King of West African tribe returns to landscaping job in Canada
Vancouver residents looking to hire some landscaping help this fall could end up with royalty tending to their hedges and bagging up leaves.
Eric Manu, a Langley, B.C. man who was crowned chief of the Akan tribe in the village of Adansi Aboabo No. 2 in southern Ghana last year, has returned to Canada for a few months, where he is resuming his job as a landscaper.
“Sometimes we go to the (job) site and they say, ‘You are the chief. I saw you on TV. Why are you doing the landscaping?’” he told CTV News. “This is humbleness you understand. Anytime I’m in Canada, I’m proud to work for my boss.”
Manu, 32, moved to B.C. in 2012 after marrying a Canadian woman he met in Ghana. But his uncle, who had served as chief of the tribe, died two years ago, placing Manu next in line for the honour.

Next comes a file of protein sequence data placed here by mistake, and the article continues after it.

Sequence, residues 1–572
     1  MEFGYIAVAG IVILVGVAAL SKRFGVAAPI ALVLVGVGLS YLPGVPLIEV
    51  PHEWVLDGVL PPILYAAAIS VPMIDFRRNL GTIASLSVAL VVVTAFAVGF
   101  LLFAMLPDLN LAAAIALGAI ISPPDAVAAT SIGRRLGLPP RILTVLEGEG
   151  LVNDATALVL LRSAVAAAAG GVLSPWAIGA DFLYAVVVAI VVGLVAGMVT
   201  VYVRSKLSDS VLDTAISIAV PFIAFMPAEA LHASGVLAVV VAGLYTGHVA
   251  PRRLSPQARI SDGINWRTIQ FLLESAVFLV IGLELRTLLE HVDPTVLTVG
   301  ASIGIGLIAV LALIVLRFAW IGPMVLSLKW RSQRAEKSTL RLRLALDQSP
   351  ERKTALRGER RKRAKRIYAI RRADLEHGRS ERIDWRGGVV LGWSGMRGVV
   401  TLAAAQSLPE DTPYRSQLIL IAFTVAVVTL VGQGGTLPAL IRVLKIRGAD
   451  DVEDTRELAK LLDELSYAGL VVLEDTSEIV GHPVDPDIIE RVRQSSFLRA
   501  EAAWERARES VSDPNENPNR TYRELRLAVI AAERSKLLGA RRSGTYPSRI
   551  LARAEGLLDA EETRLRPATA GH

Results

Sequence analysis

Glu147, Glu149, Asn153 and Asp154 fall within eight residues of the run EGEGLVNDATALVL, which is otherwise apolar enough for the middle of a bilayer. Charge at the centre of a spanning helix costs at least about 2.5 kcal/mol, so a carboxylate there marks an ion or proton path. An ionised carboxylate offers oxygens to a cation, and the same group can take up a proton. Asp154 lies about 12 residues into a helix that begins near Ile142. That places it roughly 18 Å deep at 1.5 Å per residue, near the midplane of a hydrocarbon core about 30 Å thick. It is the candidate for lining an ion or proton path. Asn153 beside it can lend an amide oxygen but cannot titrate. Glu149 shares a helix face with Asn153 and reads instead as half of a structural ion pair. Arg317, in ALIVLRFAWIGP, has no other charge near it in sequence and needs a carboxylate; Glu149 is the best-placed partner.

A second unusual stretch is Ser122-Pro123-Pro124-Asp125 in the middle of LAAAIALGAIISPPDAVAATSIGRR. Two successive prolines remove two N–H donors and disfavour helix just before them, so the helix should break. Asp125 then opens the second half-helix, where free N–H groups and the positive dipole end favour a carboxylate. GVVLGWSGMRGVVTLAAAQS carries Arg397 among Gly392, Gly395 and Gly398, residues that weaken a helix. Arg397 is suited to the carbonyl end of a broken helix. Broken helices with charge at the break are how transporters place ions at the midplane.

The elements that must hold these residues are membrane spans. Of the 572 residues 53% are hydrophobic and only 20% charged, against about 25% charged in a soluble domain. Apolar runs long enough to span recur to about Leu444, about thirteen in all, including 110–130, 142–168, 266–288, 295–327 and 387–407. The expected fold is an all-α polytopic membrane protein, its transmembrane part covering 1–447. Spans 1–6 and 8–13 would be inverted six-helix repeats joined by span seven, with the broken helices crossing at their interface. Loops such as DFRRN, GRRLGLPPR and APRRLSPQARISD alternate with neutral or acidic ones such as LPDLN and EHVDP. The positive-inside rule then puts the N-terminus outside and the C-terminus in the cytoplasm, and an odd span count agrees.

Hanging up his crown, even temporarily, isn’t a decision Manu takes lightly. He’s using his time in Canada to raise money to improve the health care standards for his tribe of 6,000.
Manu and his Canadian boss Susan Watson started a foundation that packed a shipping container with medical supplies, school supplies, and clothing that arrived in Ghana this spring. The To the Moon and Back Foundation hopes to continue raising money and donations to send a second shipment and improve the local medical clinic.
“The whole village was quite poor. The clinic only has a midwife and a few nurses. There is no doctor on site,” said Watson.
-With files from CTV Vancouver